A PLOS for PEP
NC State’s Provost’s Professional Experience Program (PEP) funds on-campus work experiences for undergraduate students that supports their academic success and gives them greater access to research and professional development opportunities. Funded by the Office of the Executive Vice Chancellor and Provost, PEP has enhanced the academic careers and professional goals of students for nearly eight years.
Rabiya Ansari, a recent NC State alumna, participated in PEP as an undergraduate with Jennifer Landin of the Department of Biological Sciences, which allowed Ansari to develop and pursue her research passion. That also led to the publication of an article, “Coverage of climate change in introductory biology textbooks, 1970-2019,” in the open-access journal PLOS ONE. We recently spoke to Ansari and Landin about their research and experience with PEP.
You can view the NC State News article on Ansari’s and Landin’s research publication, written by Matt Shipman, here.
Rabiya Ansari ‘22
Bachelor of Science in Nutrition Sciences
How did you get involved with this particular project?
Dr. Landin and I had just started this project when the pandemic shut down everything. After a couple of months, I emailed Dr. Landin asking, “Could we work on this research?” So, we met for several hours each week in a large room on an empty campus, at opposite ends of a conference table, with masks on a deserted campus. With the support of PEP, we worked on this research for three years, studying the coverage of climate change in textbooks.
What was your experience working with PEP?
PEP allowed me to have meaningful on-campus employment that enhanced my career development and knowledge in subjects I was interested in, such as climate change education. With PEP’s support, I could dive into and explore my interests more deeply while also managing undergrad classes. I conducted this research for three years, and the entire time PEP showed their support and motivation by investing in us to complete this research project, which we successfully did!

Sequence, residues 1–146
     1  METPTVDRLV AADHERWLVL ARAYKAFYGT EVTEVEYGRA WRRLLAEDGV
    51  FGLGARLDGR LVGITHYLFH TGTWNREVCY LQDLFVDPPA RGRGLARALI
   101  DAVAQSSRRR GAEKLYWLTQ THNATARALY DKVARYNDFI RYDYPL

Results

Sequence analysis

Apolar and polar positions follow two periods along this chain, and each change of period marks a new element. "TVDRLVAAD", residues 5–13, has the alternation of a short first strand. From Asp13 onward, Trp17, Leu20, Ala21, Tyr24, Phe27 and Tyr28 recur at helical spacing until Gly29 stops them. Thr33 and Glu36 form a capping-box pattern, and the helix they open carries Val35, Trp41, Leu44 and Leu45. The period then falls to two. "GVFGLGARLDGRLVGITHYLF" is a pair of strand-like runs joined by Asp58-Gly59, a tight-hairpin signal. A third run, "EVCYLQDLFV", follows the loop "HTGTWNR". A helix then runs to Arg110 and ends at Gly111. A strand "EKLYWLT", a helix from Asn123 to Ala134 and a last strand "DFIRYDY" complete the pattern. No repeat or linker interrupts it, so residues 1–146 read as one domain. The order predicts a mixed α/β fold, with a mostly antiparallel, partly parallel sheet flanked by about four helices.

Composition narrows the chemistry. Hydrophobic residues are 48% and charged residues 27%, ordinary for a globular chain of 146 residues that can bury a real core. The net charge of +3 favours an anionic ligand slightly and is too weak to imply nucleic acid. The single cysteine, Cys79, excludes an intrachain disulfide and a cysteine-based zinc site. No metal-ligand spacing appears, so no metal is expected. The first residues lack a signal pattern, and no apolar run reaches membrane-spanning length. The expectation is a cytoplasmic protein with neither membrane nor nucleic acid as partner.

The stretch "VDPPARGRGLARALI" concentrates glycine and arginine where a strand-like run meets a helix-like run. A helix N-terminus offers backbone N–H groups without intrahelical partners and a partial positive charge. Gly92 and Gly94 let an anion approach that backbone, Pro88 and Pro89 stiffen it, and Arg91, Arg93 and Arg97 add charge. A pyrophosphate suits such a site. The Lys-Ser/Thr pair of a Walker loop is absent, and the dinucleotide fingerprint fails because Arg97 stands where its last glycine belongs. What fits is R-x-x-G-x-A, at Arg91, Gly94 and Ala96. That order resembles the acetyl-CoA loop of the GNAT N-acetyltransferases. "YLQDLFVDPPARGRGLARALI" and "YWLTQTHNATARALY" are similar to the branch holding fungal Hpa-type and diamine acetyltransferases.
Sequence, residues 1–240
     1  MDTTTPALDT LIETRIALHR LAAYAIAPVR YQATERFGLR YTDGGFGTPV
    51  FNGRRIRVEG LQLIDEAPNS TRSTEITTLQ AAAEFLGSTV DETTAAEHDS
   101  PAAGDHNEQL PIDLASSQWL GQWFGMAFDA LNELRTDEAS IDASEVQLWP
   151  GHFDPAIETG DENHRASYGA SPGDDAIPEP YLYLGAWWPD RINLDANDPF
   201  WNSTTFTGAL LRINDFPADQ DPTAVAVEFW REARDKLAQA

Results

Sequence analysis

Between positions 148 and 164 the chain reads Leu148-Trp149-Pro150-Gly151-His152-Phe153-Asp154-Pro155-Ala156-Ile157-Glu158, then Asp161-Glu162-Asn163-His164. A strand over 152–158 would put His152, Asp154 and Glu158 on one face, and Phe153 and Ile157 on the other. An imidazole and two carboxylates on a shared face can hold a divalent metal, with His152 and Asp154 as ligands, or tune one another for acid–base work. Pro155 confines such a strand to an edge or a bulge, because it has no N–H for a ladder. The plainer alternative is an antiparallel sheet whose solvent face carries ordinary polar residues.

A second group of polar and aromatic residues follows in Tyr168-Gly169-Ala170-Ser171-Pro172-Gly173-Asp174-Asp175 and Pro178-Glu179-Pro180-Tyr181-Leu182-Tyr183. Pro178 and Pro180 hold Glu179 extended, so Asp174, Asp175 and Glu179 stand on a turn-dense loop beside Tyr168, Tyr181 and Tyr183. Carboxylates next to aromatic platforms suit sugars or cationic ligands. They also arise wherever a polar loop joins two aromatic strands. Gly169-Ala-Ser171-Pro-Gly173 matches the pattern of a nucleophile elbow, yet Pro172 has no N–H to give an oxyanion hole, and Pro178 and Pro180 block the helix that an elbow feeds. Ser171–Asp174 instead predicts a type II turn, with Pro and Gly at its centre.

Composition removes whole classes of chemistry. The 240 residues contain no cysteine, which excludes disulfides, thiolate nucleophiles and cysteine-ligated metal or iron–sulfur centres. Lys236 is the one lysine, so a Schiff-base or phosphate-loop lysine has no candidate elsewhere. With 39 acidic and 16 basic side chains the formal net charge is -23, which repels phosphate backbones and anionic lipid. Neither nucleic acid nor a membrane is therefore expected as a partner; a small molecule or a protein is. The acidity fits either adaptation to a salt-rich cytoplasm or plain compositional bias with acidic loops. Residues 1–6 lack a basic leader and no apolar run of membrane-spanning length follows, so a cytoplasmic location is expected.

What are you pursuing now, and how did your time in PEP impact this trajectory?
As a recent alumnus, I am looking to pursue a job relating to humanitarian aid at global NGOs. In the future, I plan to continue my studies toward obtaining an MBA. Before this research, I was still determining what career path to take upon graduating. This research experience confirmed my path of educating communities through higher knowledge, such as the changes we can make as individuals and communities to improve our society.
Teaching Associate Professor, Department of Biological Sciences
What inspired your research on this particular project?
I’m very interested in environmental issues, history and education. We can see how educators probably taught scientific concepts by analyzing old versions of textbooks. I was looking at a 1978 biology textbook to see how the environmental movement of the 70s affected the presentation of an ecological issue and was surprised to see a paragraph on global warming. That observation led us to ask how the topic had changed over 50 years of coverage.
What was your experience working with PEP?
I’ve been honored to receive PEP funding for many research projects. Projects by two PEP students (so far) have resulted in very popular articles. Working with such amazing students is a great experience.
How did PEP impact what you were able to do with this research?
As a faculty member focused on teaching, I don’t have a lot of grant funding. PEP funding is so helpful to be able to hire excellent students to work on these projects. I simply would not be able to do this research without the help of the Provost’s Office funding.
How can working with undergraduate students on research benefit faculty in the way they teach and mentor?
Undergraduate students are so inspiring! I remember back on my days as an undergrad; there’s no way I would have felt confident enough to author a research paper. Rabiya is especially wonderful. We started this project just before the pandemic hit. Our work shut down when the school shifted online. But Rabiya made the most of a bad situation. She emailed me, asking if we could restart our research. She was tired of sitting at home and wanted to work on a project. It took three years of meeting in a large empty conference room on weekends to collect our data and write the paper. I’m in awe of Rabiya’s persistence and motivation!